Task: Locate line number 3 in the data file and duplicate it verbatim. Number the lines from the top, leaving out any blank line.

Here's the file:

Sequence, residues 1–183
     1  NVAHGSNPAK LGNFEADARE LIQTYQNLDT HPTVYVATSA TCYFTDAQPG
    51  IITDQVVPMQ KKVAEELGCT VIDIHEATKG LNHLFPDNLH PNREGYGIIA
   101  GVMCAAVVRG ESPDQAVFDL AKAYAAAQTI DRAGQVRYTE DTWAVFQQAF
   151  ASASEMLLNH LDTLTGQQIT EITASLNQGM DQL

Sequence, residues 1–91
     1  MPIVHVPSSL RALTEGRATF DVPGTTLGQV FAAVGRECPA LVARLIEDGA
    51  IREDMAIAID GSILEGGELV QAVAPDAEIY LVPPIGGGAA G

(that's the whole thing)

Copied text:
    51  IITDQVVPMQ KKVAEELGCT VIDIHEATKG LNHLFPDNLH PNREGYGIIA